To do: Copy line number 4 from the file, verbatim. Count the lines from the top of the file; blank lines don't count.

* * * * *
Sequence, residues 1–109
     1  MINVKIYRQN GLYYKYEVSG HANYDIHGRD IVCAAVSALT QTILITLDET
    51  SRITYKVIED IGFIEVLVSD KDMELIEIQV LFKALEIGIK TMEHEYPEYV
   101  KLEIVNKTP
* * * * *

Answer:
   101  KLEIVNKTP